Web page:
FTDI, or how to run a company into the ground using DRM

Walter van Holst

And why they should get the book thrown at them

FTDI is a UK-based niche-player in the semiconductor market that used to be rather well-known in embedded systems circles for its high quality USB-to-serial controller. Wait, what? Serial, isn’t that the cheap way of linking stuff (usually through 9- or 25-pin connectors) that fell to the wayside when USB became affordable? Internet aeons ago, when people were waiting in line at night in front of shops in order to buy Microsoft’s latest and greatest OS? Yes, indeed, since a lot of hardware out there contains components won’t talk USB directly and are not meant to do so since that would be complete overkill. Especially in the world of CNC-machines and all sorts of little pieces of dedicated equipment, serial communications are pretty common, although often not with the connectors that we used to use till USB came along. But the computers that are connected to these gizmos do no longer have an external serial port, so enter the USB-to-serial converter, either included in the gizmo itself or as part of a converter cable as depicted in the background of this page.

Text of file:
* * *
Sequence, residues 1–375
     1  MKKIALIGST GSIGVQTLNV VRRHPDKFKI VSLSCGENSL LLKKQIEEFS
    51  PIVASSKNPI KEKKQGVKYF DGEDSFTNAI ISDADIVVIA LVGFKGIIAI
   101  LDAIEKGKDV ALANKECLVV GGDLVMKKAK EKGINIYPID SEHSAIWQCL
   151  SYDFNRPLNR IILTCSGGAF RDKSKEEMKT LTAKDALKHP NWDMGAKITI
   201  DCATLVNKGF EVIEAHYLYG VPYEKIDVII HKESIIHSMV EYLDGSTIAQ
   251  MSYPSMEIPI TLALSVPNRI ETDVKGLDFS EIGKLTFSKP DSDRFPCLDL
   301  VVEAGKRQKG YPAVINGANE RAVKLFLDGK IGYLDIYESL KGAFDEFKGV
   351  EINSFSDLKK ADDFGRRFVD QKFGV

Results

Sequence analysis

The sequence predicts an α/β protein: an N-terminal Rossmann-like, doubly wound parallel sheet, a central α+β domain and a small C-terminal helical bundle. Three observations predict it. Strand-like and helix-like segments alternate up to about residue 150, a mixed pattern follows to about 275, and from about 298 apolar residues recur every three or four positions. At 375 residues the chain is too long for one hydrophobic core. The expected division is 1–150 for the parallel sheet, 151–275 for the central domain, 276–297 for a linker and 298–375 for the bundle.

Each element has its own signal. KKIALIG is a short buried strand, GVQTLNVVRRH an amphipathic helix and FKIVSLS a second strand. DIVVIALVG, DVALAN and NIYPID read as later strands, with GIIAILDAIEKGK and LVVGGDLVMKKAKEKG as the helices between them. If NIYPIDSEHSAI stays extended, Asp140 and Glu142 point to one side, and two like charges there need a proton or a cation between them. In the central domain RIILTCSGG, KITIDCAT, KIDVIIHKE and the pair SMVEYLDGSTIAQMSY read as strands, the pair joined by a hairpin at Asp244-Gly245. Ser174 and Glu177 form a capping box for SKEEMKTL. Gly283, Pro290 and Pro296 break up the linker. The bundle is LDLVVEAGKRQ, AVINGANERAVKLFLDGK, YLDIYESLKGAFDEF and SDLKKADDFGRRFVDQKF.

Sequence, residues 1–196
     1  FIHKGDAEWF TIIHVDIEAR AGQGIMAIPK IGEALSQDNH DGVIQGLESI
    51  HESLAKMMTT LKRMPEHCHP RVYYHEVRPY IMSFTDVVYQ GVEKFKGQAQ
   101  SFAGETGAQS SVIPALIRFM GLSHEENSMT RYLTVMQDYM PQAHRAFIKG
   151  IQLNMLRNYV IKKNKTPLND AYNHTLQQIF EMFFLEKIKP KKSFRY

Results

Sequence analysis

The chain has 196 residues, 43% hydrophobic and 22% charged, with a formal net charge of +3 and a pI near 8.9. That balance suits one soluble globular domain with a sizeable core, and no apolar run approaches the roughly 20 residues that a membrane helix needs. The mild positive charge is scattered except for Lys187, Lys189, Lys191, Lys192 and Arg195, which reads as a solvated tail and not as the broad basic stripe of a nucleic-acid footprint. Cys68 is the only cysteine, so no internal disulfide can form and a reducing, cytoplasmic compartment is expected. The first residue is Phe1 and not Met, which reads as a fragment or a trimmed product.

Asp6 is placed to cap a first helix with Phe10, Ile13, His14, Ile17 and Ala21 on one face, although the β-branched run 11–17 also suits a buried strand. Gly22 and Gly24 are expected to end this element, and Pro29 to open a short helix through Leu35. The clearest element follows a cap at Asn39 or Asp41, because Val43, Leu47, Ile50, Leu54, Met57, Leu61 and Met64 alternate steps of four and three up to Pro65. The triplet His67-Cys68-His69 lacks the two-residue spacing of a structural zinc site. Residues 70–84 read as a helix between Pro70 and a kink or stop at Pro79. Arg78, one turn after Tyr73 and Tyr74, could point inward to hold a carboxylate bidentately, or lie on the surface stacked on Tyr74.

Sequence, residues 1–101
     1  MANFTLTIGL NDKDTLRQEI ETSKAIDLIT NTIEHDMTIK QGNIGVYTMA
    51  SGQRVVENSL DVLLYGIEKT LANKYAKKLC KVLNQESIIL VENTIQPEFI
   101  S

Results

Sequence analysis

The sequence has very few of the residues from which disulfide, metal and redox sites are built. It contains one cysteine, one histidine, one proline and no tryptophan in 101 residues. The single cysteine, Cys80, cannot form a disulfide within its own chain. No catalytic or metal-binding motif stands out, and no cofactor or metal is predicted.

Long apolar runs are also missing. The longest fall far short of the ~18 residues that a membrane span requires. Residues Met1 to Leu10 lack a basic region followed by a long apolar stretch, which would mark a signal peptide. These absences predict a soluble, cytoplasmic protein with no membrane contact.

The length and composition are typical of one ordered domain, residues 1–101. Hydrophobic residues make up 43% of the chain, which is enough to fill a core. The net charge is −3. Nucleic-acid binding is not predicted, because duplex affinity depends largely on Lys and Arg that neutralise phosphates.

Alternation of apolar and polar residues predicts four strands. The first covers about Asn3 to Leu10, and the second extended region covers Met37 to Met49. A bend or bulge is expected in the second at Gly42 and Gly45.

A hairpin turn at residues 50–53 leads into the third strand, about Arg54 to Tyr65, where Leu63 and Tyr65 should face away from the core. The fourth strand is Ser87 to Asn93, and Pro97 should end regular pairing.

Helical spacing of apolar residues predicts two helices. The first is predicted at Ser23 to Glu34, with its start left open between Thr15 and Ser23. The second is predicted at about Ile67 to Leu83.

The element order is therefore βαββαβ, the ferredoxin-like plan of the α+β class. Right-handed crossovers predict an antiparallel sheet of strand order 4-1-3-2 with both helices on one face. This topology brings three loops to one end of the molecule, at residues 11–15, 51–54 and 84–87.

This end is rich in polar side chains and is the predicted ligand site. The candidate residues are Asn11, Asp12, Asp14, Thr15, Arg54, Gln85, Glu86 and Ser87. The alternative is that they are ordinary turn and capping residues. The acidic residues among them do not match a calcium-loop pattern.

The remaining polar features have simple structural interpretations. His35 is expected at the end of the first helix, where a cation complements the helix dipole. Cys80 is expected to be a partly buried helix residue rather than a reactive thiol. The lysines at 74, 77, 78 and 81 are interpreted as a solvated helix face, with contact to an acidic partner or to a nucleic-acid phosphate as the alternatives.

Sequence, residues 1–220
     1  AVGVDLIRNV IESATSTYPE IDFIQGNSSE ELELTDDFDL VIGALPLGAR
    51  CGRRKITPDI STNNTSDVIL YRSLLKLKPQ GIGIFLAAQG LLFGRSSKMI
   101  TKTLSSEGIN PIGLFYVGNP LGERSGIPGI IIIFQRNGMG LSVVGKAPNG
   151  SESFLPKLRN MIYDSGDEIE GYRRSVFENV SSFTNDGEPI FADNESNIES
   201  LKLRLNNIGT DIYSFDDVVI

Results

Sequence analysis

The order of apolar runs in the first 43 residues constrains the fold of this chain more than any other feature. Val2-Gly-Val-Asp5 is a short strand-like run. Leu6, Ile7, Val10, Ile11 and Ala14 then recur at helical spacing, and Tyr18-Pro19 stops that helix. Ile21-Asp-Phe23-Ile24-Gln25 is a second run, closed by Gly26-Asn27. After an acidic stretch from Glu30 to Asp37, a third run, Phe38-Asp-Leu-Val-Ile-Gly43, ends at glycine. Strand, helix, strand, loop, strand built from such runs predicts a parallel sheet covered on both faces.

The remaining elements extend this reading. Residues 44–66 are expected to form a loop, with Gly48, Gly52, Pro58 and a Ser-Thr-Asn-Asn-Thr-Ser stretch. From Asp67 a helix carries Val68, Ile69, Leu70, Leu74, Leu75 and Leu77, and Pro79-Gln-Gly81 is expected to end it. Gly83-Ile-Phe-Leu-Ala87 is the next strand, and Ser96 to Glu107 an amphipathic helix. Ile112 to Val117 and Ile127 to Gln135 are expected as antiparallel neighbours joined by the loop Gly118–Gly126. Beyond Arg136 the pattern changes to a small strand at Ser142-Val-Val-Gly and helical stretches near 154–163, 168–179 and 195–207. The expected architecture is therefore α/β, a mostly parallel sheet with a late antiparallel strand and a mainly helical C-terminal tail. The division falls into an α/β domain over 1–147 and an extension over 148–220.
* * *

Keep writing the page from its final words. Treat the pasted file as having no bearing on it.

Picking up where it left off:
FTDI is kind of the go-to brand in this niche market and as is often the case with market leaders, they face competition from imitators. In the case of FTDI imitation from suppliers that have replicated the functionality of their chips to the point that they present themselves on the USB-side of things with the USB-manufacturer- and device-IDs of FTDI and function similarly enough that they are fully compatible with the FTDI device drivers for Windows, Linux and OS X. Another form of competition comes from outright copies of the chip itself, clones in other words.

So you have roughly ten flavours of FTDI-compatible devices:

  1. Genuine FTDI chips sold as such;
  2. Genuine FTDI chips incorporated in third-party products;
  3. FTDI-clones emblazoned with a FTDI logo and sold as such;
  4. FTDI-clones without the FTDI logo and marketed as “FTDI compatible”
  5. FTDI-clones with the FTDI logo and incorporated in third-party products;
  6. FTDI-clones without the FTDI logo and incorporated in third-party products;
  7. FTDI-compatibles emblazoned with a FTDI logo and sold as such;
  8. FTDI-compatibles without the FTDI logo and marketed as “FTDI compatible”
  9. FTDI-compatibles with the FTDI logo but incorporated in third-party products;
  10. FTDI-compatibles without the FTDI log and incorporated in third-party products.